A struggling American economy hit the gas in early 2021, fueled by massive federal fiscal stimulus, increased coronavirus vaccines and an increase in hiring. Here’s what to watch for on Thursday when the government reports first-quarter gross domestic product.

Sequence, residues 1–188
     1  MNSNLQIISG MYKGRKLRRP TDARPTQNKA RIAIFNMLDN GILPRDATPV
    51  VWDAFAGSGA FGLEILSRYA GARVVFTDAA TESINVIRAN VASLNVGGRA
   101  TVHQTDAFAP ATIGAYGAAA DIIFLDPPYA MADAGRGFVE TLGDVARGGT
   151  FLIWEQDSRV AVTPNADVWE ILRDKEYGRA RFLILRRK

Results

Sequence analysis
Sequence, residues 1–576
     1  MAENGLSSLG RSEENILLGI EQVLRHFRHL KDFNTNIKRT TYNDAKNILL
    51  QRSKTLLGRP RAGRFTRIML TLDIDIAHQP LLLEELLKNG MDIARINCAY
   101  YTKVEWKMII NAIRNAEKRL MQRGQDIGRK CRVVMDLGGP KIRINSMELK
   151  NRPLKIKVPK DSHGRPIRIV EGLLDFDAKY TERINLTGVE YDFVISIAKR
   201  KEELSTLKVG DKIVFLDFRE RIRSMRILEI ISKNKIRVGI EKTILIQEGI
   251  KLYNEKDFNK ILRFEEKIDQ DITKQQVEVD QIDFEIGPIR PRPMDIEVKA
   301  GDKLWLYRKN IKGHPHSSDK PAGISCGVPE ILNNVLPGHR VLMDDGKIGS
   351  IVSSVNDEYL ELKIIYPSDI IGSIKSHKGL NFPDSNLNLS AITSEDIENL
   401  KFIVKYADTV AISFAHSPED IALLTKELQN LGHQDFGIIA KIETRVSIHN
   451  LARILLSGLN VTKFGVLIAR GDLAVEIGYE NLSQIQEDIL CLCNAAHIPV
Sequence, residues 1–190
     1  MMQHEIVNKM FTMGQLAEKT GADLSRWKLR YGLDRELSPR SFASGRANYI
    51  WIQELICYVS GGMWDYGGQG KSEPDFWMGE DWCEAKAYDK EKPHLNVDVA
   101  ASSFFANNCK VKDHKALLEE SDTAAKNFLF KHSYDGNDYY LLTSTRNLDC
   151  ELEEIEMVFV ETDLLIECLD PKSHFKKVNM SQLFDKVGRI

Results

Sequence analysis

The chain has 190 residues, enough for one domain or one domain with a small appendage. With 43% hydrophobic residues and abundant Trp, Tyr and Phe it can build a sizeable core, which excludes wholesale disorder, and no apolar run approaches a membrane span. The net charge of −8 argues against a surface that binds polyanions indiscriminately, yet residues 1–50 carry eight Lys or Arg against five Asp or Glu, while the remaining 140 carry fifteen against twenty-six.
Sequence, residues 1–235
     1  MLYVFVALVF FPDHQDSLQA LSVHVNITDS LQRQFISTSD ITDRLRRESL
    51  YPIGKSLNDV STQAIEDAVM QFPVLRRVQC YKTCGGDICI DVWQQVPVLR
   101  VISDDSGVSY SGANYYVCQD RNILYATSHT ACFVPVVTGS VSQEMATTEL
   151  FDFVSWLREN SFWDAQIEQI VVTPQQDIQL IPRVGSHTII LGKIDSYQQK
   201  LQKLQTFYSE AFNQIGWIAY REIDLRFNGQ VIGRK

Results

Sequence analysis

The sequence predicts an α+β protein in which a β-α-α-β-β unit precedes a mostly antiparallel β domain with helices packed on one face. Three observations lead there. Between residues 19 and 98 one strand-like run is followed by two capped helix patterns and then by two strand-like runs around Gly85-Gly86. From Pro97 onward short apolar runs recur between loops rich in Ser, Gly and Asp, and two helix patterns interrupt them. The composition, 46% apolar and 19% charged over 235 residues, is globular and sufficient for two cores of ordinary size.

Faster growth The growth of the US economy likely accelerated to an annualized rate of 6.5% in the first three months of 2021, according to economists surveyed by Dow Jones and The Wall Street Journal. GDP is the sum of all goods and services produced in the US, making it the official scorecard for the economy. The Commerce Department will release the data at 8.30 am ET Thursday. The US expanded at a seemingly rapid pace of 4.3% in the fourth quarter, but growth stalled towards the end of 2020 after a record explosion of coronavirus cases resulted in further restrictions on business activity and of consumers. America’s economic rebound began earlier this year after Americans began receiving coronavirus vaccines in greater numbers. The economy received another big boost thanks to a $ 1.9 billion financial aid that was approved in early March. In normal times, the US economy grows on average between 2% and 2.5% annually. However, the pandemic has generated unprecedented ups and downs in the economy. Consumers The government sent checks for $ 600 in January and checks for $ 1,400 in March to most Americans, so it is not surprising that consumer spending increased in the first quarter. Economists predict that disbursements rose nearly 10%, compared to just 2.3% in the fourth quarter. Consumer spending accounts for more than two-thirds of economic activity in the United States and explains in large part why the first quarter was so strong. What also helped was the expansion of unemployment benefits and an increase in hiring as businesses reopened after closings to combat the pandemic. That put about 1.5 million people back to work in the first quarter. Business Businesses also got involved. They hired more people, increased investment, and increased production in an effort to keep up with growing demand. Investment in new equipment alone could have exceeded 9% and the housing market may have been even stronger. Home sales have exploded during the pandemic due to ultra-low interest rates and more people moving from cities to escape the virus. The biggest problem companies face: getting urgently needed supplies is reasonable prices. The cost of most raw or partially finished materials (wood, for example) has skyrocketed. And a global semiconductor shortage hurts automakers and other manufacturers that rely on computerization. Because manufacturers have not been able to keep up with demand, their stocks of unsold goods or inventories have likely decreased. Government A large part of government stimulus spending is expected to be reflected in GDP. Government outlays may have increased by almost 10%. It’s not just about the federal government spending spree, either. State and local spending likely increased as more public schools reopened. Trade The biggest drop in first-quarter GDP was the nation’s record international trade deficit. The deficit increased sharply in the first three months of the year. Read: Growing US trade deficit hits record high, but there’s a silver lining. However, there is a silver lining. The trade deficit has skyrocketed because a stronger American economy has allowed Americans to buy more imported goods, such as French wine, Japanese cars or cell phones made in China. US exports, on the other hand, have been affected by lower demand from major trading partners whose economies are still weak. Europe, for example, has imposed new blockades amid a struggle to vaccinate its populations.